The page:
Researchers have conducted a detailed molecular survey of how heart muscle proteins change over time in diseased tissue, revealing clues that may lead to earlier diagnosis of heart disease.
Despite great progress in reducing mortality, cardiomyopathies (diseases affecting heart muscle) remain one of the leading killers in the developed world. A big contributor to this mortality is that many patients only get diagnosed at later disease stages, limiting therapeutic options.
Tony Gramolini, Andrew Emili and their colleagues sought to obtain more insight into cardiomyopathy progression, so they performed a large-scale protein survey of mouse cardiac cells affected by a mutation that weakens the muscle. They compared protein profiles at 8, 16, and 24 weeks of both diseased and healthy animals.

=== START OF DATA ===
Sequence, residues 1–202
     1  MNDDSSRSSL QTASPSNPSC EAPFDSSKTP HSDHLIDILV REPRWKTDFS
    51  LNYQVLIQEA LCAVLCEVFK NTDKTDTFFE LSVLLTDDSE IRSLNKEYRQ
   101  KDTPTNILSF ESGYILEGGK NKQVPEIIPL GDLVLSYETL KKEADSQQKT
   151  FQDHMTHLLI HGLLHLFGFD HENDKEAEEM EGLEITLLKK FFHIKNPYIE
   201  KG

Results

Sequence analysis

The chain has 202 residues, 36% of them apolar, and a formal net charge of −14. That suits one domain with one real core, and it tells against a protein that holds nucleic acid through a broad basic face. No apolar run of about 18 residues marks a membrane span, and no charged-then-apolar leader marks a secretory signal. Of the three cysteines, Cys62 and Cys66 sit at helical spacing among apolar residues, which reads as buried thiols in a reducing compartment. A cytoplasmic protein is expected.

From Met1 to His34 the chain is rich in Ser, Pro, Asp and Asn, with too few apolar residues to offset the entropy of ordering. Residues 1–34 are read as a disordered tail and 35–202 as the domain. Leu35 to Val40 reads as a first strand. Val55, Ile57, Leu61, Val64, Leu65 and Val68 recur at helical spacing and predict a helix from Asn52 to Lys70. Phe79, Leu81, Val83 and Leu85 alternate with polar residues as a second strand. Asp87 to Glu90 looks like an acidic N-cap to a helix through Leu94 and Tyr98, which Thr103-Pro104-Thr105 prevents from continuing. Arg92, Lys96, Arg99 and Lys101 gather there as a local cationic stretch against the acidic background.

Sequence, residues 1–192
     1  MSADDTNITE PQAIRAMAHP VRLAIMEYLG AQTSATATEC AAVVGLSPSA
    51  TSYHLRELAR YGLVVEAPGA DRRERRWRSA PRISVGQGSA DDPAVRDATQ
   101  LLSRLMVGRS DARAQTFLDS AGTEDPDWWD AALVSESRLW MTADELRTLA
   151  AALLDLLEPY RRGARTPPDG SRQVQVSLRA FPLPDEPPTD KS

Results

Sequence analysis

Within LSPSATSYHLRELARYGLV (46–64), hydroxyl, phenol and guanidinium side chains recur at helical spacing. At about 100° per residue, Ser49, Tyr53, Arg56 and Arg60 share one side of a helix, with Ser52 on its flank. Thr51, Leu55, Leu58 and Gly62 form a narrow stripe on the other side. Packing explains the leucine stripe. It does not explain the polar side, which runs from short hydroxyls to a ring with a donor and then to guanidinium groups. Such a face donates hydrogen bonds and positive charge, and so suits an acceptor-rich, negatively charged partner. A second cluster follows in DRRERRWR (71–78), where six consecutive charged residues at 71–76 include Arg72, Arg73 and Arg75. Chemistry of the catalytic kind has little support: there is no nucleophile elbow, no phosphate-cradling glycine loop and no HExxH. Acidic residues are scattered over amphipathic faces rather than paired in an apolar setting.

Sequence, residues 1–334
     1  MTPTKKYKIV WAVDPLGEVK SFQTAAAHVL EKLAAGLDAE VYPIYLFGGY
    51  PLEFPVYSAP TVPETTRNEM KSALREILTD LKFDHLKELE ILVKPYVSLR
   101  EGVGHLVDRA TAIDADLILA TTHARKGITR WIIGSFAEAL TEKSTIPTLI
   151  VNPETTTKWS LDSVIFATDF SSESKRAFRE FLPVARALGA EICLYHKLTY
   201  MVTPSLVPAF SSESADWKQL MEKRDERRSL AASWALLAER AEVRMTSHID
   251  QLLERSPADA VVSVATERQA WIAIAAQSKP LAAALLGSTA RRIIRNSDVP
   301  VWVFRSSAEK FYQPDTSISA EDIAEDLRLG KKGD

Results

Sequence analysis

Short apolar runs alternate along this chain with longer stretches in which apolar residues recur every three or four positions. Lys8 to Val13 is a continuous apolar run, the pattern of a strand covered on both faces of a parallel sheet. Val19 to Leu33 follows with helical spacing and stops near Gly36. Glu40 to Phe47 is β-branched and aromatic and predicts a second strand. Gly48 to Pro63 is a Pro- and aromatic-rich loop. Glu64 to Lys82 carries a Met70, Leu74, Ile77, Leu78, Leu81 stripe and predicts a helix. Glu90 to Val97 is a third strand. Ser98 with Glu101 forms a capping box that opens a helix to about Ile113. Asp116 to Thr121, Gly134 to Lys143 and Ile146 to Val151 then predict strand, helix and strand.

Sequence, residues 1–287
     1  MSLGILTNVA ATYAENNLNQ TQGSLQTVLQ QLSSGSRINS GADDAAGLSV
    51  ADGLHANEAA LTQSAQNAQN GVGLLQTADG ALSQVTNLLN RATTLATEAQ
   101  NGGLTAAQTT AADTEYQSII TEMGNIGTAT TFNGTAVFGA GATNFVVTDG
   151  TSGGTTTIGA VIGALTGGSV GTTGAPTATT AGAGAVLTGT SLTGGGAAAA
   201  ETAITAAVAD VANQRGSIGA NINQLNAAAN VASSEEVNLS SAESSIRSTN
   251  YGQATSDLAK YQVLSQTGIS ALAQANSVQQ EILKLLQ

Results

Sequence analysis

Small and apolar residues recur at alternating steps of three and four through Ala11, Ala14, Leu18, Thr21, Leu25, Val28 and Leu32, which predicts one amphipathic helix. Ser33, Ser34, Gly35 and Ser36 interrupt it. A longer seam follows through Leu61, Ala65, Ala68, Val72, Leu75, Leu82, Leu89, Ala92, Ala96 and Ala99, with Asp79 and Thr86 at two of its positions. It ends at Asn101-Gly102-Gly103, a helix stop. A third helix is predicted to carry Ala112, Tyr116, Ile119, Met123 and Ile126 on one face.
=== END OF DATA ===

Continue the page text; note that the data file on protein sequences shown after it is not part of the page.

The researchers noticed time-dependent changes in 593 proteins, around 40 of which were particularly strong. While the altered proteins affect a variety of biological pathways, an inability to maintain the proper calcium balance, leading to increased cell stress, was heavily affected. Restoring this balance might be a key to treating these heart conditions early on.
This research was recently published in Molecular And Cellular Proteomics.
The above post is reprinted from materials provided by American Society for Biochemistry and Molecular Biology. Note: Content may be edited for style and length.
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